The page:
This year's Winter Olympics recently closed to much fanfare, and perhaps your favorite athlete even brought home a medal from Sochi.
The Olympics is one of the world's most important and historic sports events that draws the attention of billions of people worldwide. Training for the Olympics demands years of hard work, and qualification and participation is only granted to a select and fortunate few. While athletes are generally in great physical shape, there are many possible side effects that can result from such rigorous training. In fact, certain Olympic sports and activities are also more likely to induce asthma for its players.
Swimmers and hockey players suffer from asthma at a higher rate than elite athletes of other sports. For swimmers, this is due to the chlorine used in swimming pools. If you are a swimmer and spending multiple hours a day in a pool is part of your daily routine, you are likely being exposed to high levels of chlorine. And while this close proximity to chlorine is not healthy for anyone in the vicinity, like coaches or maintenance people, elite swimmers have a higher asthma risk because they take deep breaths right at the surface of the water, inhaling gaseous chlorine by-products. Furthermore, swimmers are exerting a lot of energy and ultimately hyperventilating which increases their chemical exposure.
On the ice rink, hockey players potentially breathe in asthma-inducing chemicals, which are released from ice resurfacing machines, popularly known as the Zamboni. As the Zamboni smooth's the ice, it simultaneously releases chemicals and pollutants in it's exhaust. The exhaust from the Zamboni can generate unacceptably high levels of nitrogen dioxide (NO2) in the air along with other air pollutant which may play a role in the respiratory health of hockey players. Exposure to NO2 can lead to bronchitis, chronic cough and exacerbation of asthma.
Asthma is more common with winter sports than summer sports. Besides the chemicals and pollutants in ice rinks, which can induce asthma in hockey players and ice skaters alike, the cold winter environment may also contribute to the higher prevalence of asthma in winter sport athletes. For example, athletes such as cross-country skiers may be sensitive to the low temperatures and dry air. Normally, air passes through the nose and is warmed and humidified in the process but during vigorous physical activity, people are more likely to breath through their mouths. For athletes that continuously engage in physical activity while exposed to a cold environment; cold, dry air is more likely to pass through to the lower airways and lungs, which can trigger asthma symptoms.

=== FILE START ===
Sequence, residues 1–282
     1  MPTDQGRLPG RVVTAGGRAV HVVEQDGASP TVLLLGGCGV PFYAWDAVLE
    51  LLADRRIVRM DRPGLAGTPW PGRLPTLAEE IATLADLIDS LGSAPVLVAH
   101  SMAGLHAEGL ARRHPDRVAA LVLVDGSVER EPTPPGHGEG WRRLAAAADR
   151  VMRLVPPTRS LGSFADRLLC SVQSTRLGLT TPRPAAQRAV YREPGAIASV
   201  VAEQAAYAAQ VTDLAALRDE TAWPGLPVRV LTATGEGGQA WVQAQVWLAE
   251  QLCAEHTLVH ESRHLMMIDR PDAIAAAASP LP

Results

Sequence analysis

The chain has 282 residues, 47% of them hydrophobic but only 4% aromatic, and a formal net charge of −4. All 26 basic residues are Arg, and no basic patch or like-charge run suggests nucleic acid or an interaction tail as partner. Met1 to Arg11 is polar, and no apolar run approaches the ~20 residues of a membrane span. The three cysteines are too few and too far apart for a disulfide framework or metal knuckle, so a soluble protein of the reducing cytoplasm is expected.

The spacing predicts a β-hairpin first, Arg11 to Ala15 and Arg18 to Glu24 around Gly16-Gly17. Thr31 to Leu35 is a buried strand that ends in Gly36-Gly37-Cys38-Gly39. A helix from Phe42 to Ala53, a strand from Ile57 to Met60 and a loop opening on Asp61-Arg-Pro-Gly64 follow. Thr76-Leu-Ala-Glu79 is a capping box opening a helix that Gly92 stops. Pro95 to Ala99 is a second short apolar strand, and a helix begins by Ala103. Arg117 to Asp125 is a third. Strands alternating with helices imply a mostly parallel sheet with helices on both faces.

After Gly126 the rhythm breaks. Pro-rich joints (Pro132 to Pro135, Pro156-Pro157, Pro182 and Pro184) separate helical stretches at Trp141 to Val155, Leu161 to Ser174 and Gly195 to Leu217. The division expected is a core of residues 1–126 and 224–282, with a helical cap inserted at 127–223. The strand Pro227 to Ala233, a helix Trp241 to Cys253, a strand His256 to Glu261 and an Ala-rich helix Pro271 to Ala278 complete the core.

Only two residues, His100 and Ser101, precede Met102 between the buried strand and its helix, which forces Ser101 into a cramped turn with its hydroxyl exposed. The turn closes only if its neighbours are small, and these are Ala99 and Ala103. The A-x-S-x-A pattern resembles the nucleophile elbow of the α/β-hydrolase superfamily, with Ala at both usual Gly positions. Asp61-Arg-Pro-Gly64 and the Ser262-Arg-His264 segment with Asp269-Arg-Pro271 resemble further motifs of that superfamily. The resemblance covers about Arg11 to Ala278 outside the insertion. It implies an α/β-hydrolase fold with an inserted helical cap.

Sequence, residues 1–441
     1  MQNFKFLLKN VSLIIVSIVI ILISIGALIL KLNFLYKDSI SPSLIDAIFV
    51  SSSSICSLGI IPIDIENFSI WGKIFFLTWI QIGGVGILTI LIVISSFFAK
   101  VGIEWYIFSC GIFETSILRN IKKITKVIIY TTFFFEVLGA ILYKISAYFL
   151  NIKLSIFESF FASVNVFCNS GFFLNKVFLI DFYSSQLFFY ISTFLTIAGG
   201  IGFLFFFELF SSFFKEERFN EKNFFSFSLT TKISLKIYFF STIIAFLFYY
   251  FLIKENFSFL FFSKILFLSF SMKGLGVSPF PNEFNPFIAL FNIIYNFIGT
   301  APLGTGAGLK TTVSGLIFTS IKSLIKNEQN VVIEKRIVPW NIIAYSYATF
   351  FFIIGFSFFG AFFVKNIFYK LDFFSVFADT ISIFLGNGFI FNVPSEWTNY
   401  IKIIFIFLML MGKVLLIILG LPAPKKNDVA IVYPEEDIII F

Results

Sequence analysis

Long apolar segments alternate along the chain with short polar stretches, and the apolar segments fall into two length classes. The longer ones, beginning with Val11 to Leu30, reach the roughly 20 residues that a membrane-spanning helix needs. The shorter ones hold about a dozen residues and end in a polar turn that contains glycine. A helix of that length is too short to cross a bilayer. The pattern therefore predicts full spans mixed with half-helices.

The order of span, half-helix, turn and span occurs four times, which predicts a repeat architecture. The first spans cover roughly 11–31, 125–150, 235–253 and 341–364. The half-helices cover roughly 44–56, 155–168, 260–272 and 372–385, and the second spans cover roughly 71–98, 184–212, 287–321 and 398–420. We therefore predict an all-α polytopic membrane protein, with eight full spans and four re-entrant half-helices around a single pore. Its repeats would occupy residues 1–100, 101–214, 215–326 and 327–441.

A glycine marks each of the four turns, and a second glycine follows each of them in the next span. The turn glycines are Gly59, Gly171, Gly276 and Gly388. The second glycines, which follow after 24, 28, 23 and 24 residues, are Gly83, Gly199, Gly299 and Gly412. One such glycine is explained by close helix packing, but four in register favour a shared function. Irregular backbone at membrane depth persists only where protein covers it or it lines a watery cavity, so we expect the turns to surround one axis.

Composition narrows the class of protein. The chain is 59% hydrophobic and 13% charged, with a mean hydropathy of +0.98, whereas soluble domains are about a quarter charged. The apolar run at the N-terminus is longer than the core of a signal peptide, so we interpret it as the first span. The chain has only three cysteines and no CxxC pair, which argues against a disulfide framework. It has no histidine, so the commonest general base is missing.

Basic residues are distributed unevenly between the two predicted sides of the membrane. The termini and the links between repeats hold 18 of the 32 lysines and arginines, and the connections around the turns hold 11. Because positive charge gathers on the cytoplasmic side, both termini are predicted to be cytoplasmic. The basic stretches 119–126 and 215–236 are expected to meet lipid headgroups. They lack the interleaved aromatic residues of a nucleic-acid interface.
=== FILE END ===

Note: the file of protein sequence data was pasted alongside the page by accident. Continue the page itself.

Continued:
Sports-related asthma symptoms include wheezing, shortness of breath, coughing and chest tightness. Although we tend to attribute asthma symptoms of athletes as exercise-induced bronchospasm (as opposed to strict asthma), these symptoms may actually constitute a reversible subset of asthma. In these cases, symptoms will often lessen with less intense and shorter duration of exercise. Unfortunately for professional competitive athletes, lessening their training may not be a realistic option.
However, some preventative measure may be taken to help you guard against winter sports related asthma symptoms. These include:
• Breathing through your nose.
• Wearing a face mask, which recirculates the moisture you exhale into the air you draw in.
• Warming up gradually before exercising.
• Exercise indoors whenever possible.
• Discuss with your physician about using an inhaler to prevent and treat your symptoms.
• Getting evaluated by asthma and allergy specialist if you begin displaying these symptoms.
Swimming, hockey and other winter outdoor sports are great fun even when you're not an Olympic athlete! However, engaging in these activities often can make you more prone to developing asthma symptoms. Getting a full health history, performing a spirometry (breathing test) and/or an exercise challenge may help your doctor provide the correct diagnosis to help you to enjoy these fun sports, worry-free.